There is “no doubt” that events in Afghanistan will have “heartened and emboldened” extremists, the boss of MI5 said as he warned of the potential return of “al Qaida-style” terrorist plots.
Director-general Ken McCallum said that, although the Government has pledged to judge the Taliban by their actions, the UK security service and its partners will plan for the chance that “more risk, progressively, may flow our way”.
He told BBC Radio 4’s Today programme: “There is no doubt that events in Afghanistan will have heartened and emboldened some of those extremists and so being vigilant to precisely those kinds of risks (is what) my organisation is focused on along with a range of other threats.”
While “inspired” acts of terrorism are “by volume” the largest number of threats that MI5 and their partners face in the UK, Mr McCallum also warned of the “potential regrowth of al Qaida-style directed plots”.
He said that although more directed plots from terrorist organisations take time to organise and carry out, psychological boosts for their causes can happen “overnight”.
“Terrorist threats tend not to change overnight in the sense of directed plotting or training camps or infrastructure – the sorts of things that al Qaida enjoyed in Afghanistan at the time of 9/11.
“These things do inherently take time to build, and the 20-year effort to reduce the terrorist threat from Afghanistan has been largely successful.
“But what does happen overnight, even though those directed plots and centrally organised bits of terrorism take a bit longer to rebuild… overnight, you can have a psychological boost, a morale boost to extremists already here, or in other countries.
“So we need to be vigilant both for the increase in inspired terrorism which has become a real trend for us to deal with over the last five to 10 years, alongside the potential regrowth of al Qaida-style directed plots,” Mr McCallum said.
His comments follow warnings he made during his annual address in July that terrorists will “seek to take advantage” of chances to “rebuild” as troops withdraw from Afghanistan, suggesting it could be “challenging” to disrupt potential threats without “having our own forces on the ground”.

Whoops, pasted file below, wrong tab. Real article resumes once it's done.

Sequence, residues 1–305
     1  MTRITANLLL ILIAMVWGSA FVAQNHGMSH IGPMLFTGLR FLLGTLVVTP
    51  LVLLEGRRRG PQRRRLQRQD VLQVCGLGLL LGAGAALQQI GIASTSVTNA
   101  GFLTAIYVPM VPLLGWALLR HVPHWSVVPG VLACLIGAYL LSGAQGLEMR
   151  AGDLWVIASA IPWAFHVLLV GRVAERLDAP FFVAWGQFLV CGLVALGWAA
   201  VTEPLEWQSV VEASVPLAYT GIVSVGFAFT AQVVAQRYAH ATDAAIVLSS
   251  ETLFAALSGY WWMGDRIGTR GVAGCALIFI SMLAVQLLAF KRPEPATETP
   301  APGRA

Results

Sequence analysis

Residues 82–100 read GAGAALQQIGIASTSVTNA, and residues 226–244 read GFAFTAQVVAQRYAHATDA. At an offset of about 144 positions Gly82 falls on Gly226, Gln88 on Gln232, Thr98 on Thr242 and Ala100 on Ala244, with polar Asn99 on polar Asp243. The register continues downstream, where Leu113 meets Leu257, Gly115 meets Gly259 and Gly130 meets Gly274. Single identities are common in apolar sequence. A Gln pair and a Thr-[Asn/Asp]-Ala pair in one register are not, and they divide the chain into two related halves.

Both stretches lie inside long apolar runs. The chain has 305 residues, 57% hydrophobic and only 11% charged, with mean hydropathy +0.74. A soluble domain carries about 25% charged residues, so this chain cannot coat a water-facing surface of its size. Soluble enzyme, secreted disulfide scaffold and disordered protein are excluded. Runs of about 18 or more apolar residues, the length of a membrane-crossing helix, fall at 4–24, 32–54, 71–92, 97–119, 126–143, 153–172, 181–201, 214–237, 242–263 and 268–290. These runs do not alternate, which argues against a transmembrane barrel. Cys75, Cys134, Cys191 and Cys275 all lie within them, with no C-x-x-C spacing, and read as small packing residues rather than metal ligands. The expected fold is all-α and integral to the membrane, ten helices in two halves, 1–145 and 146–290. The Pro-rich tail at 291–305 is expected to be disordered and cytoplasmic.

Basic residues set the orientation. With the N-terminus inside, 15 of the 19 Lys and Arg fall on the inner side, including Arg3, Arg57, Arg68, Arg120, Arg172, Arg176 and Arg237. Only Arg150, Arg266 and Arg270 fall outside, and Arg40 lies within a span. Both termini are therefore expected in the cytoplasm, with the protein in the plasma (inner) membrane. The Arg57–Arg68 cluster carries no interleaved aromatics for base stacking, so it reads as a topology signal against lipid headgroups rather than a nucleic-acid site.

Almost 20 years on from the 9/11 terror attacks in the US, Mr McCallum said it was “difficult to give a simplistic answer” as to whether the UK was safer, or less safe now from the threat of terrorism since 2001.
He said a consequence of the success of reducing large-scale terror events had been the growth of “inspired terrorism”. The so-called Islamic State had “managed to do something that al Qaida did not” in inspiring lots of people to attempt smaller scale acts of terrorism through online grooming.
“The number of plots that we disrupt nowadays are actually higher than the number of plots that were coming at us after 9/11, but on average they are smaller plots of lower sophistication,” Mr McCallum added.
He warned the threat of terrorism in the UK remains “a real and enduring thing”, describing how security services and police had disrupted 31 late-stage attack plots in Britain in the last four years.
Over the past two years during the coronavirus pandemic, six late-stage attack plots have been disrupted, he added, as he warned it would be “reckless” of him to claim that a terror attack would not happen on UK soil “on his watch”.
But he insisted those at MI5 “spend our lives” working to mitigate such threats.
One of the hardest things about being the boss of MI5 is the “prioritisation” of threats, Mr McCallum said, adding: “While we have, I can confidently say, saved thousands of lives across the last 20 years, we cannot always succeed.”